If I suddenly have this intense desire to bebop around my apartment while listening to say, for example, a Rolling Stones song but have to sit before the first chorus, is that lazy or is that MS fatigue?  (Who am I kidding?  The Stones give me enough energy for a whole song.  How can it not when one thinks about the time Keith Richards passed out on stage but still finished his entire set from the floor?)

If I spend some quality time responding to important emails and then reward myself with 20 minutes of dog and baby videos on YouTube, is that lazy or is that MS fatigue?ID-100128348

Does any of this even matter?  It seems to me that is does.

Which is why I spend hours resting and employing my personal think tank on the matter.  Yet, I haven’t come up with an answer.

Shouldn’t the MS scientists and peeps be working on this?  Oh right, they’re actually busy trying to cure this beast.

And so it is up to us, the individual MS’er to try to figure it out for ourselves.  And to decide what we can live with and what we can’t in the realm between MS fatigue and being active.

It’s not that my MS fatigue or laziness hasn’t accomplished anything.  In the five plus years since my diagnosis I’ve moved, started this blog and published a book.  (Well, actually, my publisher published the book.  I just wrote the darn thing.)

I’ve probably done other things too; I’m just too tired to remember what they are.

I insist on not giving up and do my best to accomplish what I can, when I can. And I probably worry about this issue more than I should.

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But the fear of being lazy continues to haunt me as I struggle to figure all this out.

Thankfully, Mick and Keith say it’s ok for me to call myself lazy bones every now and then.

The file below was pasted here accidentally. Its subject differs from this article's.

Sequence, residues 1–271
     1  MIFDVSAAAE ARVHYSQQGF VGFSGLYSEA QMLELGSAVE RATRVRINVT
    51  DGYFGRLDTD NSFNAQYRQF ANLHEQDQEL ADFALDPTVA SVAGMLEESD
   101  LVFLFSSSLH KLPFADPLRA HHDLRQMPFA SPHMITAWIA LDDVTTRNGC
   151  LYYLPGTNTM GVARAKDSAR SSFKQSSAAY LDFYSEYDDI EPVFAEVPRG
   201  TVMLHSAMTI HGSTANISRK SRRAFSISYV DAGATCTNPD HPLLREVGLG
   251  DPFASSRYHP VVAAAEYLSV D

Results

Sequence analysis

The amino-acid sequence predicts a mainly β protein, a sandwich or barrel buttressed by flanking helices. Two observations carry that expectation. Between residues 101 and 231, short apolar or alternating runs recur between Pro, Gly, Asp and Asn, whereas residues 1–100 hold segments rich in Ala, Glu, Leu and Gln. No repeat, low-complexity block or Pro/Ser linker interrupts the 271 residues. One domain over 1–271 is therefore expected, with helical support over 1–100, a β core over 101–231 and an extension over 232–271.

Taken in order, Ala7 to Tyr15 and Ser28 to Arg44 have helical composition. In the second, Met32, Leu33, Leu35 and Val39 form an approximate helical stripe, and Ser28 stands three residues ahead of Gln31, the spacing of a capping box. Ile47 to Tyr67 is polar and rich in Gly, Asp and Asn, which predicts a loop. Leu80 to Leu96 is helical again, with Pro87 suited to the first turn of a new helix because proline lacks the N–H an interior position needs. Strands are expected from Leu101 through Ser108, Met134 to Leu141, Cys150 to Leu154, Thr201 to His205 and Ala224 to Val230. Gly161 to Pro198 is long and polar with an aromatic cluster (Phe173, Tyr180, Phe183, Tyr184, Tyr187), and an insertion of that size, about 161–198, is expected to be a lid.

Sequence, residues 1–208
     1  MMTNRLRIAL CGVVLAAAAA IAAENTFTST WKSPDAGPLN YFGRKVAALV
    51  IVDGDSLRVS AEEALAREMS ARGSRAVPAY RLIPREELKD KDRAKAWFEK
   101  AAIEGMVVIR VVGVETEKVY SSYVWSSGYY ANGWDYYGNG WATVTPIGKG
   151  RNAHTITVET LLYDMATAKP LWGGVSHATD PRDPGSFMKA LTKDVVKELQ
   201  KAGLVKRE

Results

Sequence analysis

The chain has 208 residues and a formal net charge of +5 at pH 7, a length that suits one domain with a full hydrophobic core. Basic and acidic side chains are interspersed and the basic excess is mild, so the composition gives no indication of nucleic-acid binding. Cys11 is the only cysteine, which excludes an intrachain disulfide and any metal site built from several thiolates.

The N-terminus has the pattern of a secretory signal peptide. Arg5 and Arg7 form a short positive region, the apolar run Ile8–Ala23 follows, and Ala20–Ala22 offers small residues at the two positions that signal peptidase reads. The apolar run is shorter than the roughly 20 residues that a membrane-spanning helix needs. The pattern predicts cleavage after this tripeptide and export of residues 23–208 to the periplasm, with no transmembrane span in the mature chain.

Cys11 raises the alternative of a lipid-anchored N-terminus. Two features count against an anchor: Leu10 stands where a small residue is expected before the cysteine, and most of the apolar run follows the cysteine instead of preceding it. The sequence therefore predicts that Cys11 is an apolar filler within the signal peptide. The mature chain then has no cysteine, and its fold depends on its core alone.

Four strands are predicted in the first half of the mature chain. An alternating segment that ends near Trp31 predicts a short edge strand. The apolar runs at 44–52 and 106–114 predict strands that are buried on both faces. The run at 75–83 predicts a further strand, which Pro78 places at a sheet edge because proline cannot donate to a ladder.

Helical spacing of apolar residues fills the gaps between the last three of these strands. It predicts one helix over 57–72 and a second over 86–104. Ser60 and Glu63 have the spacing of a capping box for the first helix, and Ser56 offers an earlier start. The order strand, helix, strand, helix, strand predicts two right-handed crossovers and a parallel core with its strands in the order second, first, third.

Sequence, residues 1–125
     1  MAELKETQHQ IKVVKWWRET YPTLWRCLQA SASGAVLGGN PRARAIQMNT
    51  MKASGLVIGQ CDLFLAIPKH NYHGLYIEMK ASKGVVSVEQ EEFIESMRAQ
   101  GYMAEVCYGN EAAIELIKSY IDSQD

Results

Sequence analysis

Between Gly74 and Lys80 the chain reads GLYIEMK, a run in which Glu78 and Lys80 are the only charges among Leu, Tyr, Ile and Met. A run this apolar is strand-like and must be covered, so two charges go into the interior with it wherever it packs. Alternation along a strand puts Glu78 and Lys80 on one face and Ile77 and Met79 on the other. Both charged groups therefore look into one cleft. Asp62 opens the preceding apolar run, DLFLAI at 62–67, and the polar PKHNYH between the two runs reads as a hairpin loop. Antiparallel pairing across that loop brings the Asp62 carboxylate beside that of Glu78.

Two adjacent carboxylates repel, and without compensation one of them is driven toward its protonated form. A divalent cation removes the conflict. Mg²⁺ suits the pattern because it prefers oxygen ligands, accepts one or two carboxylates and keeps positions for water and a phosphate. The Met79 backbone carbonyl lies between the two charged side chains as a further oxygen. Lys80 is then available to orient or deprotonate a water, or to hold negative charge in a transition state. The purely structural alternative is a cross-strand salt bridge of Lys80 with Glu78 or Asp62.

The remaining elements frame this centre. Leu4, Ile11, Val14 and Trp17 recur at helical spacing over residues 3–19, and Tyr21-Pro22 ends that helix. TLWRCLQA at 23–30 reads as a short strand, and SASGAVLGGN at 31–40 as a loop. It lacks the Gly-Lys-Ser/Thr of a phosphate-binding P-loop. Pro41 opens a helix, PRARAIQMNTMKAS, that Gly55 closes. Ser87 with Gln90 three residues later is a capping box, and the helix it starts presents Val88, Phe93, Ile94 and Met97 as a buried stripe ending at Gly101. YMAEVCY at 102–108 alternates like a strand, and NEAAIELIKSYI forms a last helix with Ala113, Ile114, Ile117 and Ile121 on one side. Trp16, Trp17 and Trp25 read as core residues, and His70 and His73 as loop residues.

I like my lazy bones; my fatigued, doing the best they can, good old lazy bones…

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The Curious Case of Multiple Sclerosis Part I

MS and the aging process

Me and Mrs. B

Me and Mrs. B

Hi friends-  I’m repeating this particular blog solely because a long lost photo album was just discovered and in it were pictures of me and my best toddler friend.  What better way to show the bridges from childhood to old age and back again than me and my Mrs. Beasley? 

Plus, this particular post never gets old.

Even as I do!

Road trip

Road trip

How is it even possible that an illness can make you feel like a little old lady and a little girl at the same time?    It seems only multiple sclerosis has the insanity to do just that.

The old lady part isn’t surprising; I have felt older than my actual years for some time now.   It started even before my MS diagnosis with innocuous signs such as: this former party girl no longer interested in well, partying, my not being able to stay awake until the end of a movie, having trouble getting myself up when sitting on the floor, my aches, and, of course my pains.

My MS diagnosis coincided with additional signs such as; choosing to no longer sit on the floor, engrossing conversations regarding boring medical stuff, a super sized portable pill container filled with a wide assortment of needed medications, a written list of all my medications tucked securely in my purse in case I need it but never in a place where I would remember it, and my extreme forgetfulness.

Not my pills

Not my pills

What were we talking about?

Oh yes, “my dose of thyroid medication is much higher than your dose, dear.”

MS making me feel older than I want to feel comes with the MS territory.  But recently, this illness had me feeling like a little girl as well.

It was during a road trip my dad and I were taking to visit a sick relative.  Going back to the old lady thing for a bit, my dad and I have taken a lot of road trips lately as he has (thankfully as city driving is just too much for me,) appointed himself my designated driver to all my appointments.

Road trip Portugal

Road trip Portugal

We have turned Driving Miss Daisy into Driving Miss Yvonne.  But at least my dad and I have a common taste in rock music to listen to along the drive- take that Morgan Freeman!

Usually half way through the drive to the big city my dad stops for coffee and while he chats with the counter girl, I slip into the ladies room.   This time however, we drove right past our regular stopping place.  I didn’t panic.  I had to go but not too badly and I was a grownup, I could hold it.

Forty-five minutes later though the city traffic was at a stop and go crawl.  I had forgotten about city traffic, old lady again. I tried to hold it, I really did.  I wasn’t five years old, this was silly.  But as the next exit approached, I broke down.  I was a child again.